Hate is a Hot Commodity






“Hatred is the most accessible and comprehensive of all the unifying agents. Mass movements can rise and spread without belief in a God, but never without belief in a devil.” -Eric Hoffer

“Global warming” is double entendre. The more immediate kind of global warming is not about climate change, it’s about the heat of a future Hades that moves closer with every new shooting and renewed hostilities between nations, religious groups, racial groups, or social classes. Every day I peruse the headlines and stories of major online newspapers. Not since I was very young and witnessed the race and anti-war riots of the ‘60s, do I recall such a tense mood. But it’s different this time; humanity itself is hot under the collar. Needing explanations and causes, I make a list of possible inputs:

  • the stress of change: a converging (globalized) world with diverse groups thrust together at a great pace and thrust into competition by free-market systems
  • recession (mostly in the developing world) creating Darwinian competition between groups
  • aftershocks of the power displacements in Iraq, Syria, and North Africa spreading outward

And certainly, here in the US:

  • propaganda campaigns resulting in polarization, demonization, and animosity

Some who thrive on it don’t really care how it got here, but a good deal of today’s hate has been cooked, dried, powdered, and sprinkled on us like devil-dust over time.  It’s my opinion that most people are not even aware that they are under the influence.

Who would do such a thing?

Hate can be a very valuable commodity in the hands of those who know how to use it for political purposes– that is to say those who want to use it to maintain or increase their power. The simple explanation is that hate (along with its sibling, fear) exploits a fundamental human shortcoming: strong emotions overcome reason. If a party needs votes to gain or keep power and influence, they have to appeal to the emotions of the electorate.

dog whistle         noun: A coded message that appears harmless to the general public, but that has an implied meaning meant that will be interpreted by the target audience, for example, to racists or bigots.

If, for example, middle- and working-class voters, who do constitute the majority, were to apply reason in selecting the candidates who best represent their interests, they would vote for candidates who represented labor, higher wages, easier access to healthcare and education; and more consumer protection in banking, food production, and the environment.  They would care about the jails, the justice system, lobbying laws and practices, and voter suppression tactics.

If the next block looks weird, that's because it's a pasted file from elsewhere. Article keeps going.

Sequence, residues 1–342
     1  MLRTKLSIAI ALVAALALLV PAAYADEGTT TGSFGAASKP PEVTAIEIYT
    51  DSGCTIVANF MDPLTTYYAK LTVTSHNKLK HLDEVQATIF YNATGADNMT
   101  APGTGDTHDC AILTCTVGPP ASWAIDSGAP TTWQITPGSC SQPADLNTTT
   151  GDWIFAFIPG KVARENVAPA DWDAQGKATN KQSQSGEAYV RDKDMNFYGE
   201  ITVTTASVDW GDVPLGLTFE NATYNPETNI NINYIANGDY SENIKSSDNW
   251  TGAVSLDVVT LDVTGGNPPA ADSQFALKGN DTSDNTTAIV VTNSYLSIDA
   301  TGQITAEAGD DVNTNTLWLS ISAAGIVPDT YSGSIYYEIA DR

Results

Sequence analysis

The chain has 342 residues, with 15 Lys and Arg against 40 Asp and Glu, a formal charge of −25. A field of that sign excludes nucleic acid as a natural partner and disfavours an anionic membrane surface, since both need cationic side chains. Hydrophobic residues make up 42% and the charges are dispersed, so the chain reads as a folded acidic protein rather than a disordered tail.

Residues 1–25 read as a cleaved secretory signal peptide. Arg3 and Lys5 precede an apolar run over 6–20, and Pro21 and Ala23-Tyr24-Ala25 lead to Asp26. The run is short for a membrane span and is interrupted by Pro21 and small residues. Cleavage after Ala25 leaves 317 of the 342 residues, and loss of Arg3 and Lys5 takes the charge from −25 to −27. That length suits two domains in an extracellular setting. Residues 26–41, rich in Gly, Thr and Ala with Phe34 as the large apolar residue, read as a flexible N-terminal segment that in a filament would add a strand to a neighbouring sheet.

But they don’t.

“Fox is a behemoth. Profits are staggering and it has unrivaled political influence, admittedly almost exclusively in one party.” –David Folkenflik, media correspondent for NPR and a longtime Foxologist

Thanks to some very well paid and highly skilled propagandists, a great percentage of the majority would rather support the goals of the minority who, for all their claims otherwise, only want more money and power. Roger Ailes, the man-behind-the-curtain at Fox News, was a political consultant since Nixon and remains among the most powerful of Republican ideologues. Ailes knows very well how to manipulate the emotions of his audience: suggestive imagery and language, innuendo, and insinuation.  These are often referred to as “dog whistle” messages.

dog whistle         noun: A coded message that appears harmless to the general public, but that has an implied meaning that will be interpreted by the target audience, for example, to racists or bigots.

And of course members of the working class who want more power (or want it back) aren’t innocent of using their own emotional tools to garner influence and votes.  I only just read how a CNN anchor will become the new DNC chair in the wake of the Wasserman-Schultz resignation.

So the economy, the stress of convergence in a diverse world, and power politics are to blame.

Probably; Yes.

Then I remember that are actually two worlds today, the physical world and the virtual one. One wonders: do the immediacy and the proximity of the virtual world—that hovers over humanity like an aura—help to globalize the prevailing sentiment, or perhaps reveal it?  –If so, the aura would be dark red now, signaling anger. Maybe, like Conrad’s Colonel Kurtz, our soul is mad. And why would it be mad? Because temperatures everywhere are rising? Can we excuse ourselves like Camus characters who are deranged by the sun?

Or perhaps we spend so much time straddling two worlds, the physical and the virtual, that we can’t function in either.

“A person with two lovers loses their soul, a person with two houses loses their head.”    –Proverb



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